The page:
Codes of Conduct - Wider Context: Science Ethics
From a long-term perspective, exploring the issue of a Code of Conduct is an example of explorative research in the wider area of science ethics.
In this domain of ethics, the interrelationship between science, society and values is the focus of philosophical research. Various philosophies of science have an impact on the conceptualization of this interrelationship. It might be, for example, interesting to explore how is the relevancy today of the universalism that has been determinative for the development of academic science (Bernal, Merton, emphasizing the scientific community as a universal one, with science as a profession committed to basic values). Today, however, trust in science has diminished and the demarcations between science and other activities have been obliterated. Science nowadays is also conceptualized as a commercial enterprise, or at least closely connected to entrepreneurial and business activities. A more radical view conceptualizes science as an activity of rivalry and competition (Latour: science as war).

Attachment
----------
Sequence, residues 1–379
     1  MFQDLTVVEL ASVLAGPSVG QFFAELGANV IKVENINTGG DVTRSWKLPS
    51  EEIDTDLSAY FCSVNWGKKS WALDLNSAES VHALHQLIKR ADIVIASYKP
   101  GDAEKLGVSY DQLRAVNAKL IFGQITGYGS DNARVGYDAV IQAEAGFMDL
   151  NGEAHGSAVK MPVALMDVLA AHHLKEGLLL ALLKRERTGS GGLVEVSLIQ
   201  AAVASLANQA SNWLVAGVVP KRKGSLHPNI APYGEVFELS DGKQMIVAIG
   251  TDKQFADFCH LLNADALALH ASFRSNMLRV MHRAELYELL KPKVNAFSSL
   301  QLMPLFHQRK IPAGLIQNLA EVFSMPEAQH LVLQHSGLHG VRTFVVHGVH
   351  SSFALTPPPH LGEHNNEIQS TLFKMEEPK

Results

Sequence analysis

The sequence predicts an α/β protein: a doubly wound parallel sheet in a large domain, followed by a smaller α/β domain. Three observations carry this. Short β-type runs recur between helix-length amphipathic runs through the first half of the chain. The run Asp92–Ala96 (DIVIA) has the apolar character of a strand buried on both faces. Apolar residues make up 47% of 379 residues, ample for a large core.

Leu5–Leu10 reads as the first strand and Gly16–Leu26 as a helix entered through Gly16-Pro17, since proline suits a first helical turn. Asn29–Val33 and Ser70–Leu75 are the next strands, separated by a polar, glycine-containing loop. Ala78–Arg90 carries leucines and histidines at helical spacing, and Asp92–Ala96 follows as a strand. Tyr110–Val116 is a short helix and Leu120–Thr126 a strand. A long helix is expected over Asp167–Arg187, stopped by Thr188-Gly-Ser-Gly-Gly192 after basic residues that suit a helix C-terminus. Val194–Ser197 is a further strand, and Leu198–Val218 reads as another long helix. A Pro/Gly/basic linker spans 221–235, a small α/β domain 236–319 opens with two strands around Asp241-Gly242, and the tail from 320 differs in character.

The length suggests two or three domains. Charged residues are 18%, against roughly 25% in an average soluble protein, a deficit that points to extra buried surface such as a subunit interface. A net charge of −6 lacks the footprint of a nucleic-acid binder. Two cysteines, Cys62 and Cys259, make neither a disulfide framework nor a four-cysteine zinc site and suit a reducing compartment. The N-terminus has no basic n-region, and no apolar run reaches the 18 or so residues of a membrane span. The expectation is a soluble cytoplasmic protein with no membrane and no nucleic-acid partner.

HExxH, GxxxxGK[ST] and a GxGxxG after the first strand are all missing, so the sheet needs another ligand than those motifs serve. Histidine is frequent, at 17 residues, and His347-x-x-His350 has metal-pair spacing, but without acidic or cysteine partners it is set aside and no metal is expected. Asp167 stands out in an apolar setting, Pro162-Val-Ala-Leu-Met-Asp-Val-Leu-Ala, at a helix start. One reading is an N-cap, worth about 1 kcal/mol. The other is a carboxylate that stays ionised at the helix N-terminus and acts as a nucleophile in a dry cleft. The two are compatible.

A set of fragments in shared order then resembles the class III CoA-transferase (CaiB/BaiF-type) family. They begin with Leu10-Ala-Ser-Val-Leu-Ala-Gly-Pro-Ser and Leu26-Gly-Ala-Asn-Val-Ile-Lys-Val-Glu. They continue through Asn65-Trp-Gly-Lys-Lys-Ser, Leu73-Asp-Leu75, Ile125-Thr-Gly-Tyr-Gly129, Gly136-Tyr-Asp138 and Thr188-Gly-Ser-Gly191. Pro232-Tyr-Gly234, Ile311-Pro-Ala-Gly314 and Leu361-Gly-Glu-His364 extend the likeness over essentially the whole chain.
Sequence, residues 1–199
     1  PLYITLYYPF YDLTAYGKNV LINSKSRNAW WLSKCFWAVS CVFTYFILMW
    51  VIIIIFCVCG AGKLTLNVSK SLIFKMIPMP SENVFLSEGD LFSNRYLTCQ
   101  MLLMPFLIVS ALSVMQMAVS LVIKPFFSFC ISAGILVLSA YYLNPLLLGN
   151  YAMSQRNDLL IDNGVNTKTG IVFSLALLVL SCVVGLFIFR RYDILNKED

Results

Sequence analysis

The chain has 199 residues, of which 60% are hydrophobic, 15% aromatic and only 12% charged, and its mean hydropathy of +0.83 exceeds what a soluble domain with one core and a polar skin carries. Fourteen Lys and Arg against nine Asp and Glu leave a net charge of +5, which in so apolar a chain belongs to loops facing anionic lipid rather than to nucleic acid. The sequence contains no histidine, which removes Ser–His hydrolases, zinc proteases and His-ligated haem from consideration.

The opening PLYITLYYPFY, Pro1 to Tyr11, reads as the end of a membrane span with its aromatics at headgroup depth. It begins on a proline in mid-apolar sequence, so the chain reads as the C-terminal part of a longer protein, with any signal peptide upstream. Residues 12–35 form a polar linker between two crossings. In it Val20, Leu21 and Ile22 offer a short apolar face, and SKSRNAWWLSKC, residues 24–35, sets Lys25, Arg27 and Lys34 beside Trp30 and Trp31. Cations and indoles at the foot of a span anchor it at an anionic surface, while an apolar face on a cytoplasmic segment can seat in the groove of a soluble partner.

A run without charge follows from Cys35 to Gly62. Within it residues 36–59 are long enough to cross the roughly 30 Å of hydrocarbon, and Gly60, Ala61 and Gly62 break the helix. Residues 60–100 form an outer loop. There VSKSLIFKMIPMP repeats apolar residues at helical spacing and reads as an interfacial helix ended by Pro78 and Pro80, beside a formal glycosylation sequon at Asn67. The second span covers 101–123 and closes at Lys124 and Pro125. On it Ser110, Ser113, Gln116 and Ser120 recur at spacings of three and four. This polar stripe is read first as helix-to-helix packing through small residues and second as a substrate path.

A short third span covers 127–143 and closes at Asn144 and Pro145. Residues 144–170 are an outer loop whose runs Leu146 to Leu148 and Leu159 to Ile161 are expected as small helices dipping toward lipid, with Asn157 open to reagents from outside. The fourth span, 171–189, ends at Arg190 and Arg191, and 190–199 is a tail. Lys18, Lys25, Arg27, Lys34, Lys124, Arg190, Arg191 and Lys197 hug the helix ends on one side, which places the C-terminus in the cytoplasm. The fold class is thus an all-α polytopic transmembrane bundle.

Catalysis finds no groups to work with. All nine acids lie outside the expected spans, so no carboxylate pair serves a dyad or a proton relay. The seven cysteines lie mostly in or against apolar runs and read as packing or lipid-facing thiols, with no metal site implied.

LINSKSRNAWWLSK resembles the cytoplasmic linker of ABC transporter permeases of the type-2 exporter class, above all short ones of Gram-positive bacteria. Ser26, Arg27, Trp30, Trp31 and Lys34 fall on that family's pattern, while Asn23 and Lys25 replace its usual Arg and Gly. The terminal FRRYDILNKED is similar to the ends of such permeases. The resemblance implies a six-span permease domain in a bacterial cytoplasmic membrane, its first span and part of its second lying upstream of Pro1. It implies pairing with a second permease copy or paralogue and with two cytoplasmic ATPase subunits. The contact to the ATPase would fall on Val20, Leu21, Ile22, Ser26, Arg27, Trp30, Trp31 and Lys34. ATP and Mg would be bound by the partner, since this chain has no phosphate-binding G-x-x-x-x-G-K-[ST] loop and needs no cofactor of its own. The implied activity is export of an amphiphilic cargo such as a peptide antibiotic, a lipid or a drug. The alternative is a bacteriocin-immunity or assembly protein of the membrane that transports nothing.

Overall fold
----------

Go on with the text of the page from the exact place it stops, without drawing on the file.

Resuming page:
Given the uncertainty about the basic values involved in science, we are confronted with a paradox: there is a growing need to develop a code of conduct but at the same time there is a lack of clarity about what such a code will imply. Developing a code will therefore not merely be a matter of identifying which values are intrinsic in science. It will also be a matter of negotiation aimed at creating new perspectives of trust in relation to society. The basic values of science at least need to be connected with the notion of social responsibility and accountability. This development is reflective of the changes that has occurred in the recent history of bio-ethics: codes of conduct in health care not only have to articulate the basic values of the professionals but also to introduce the perspective of patients.
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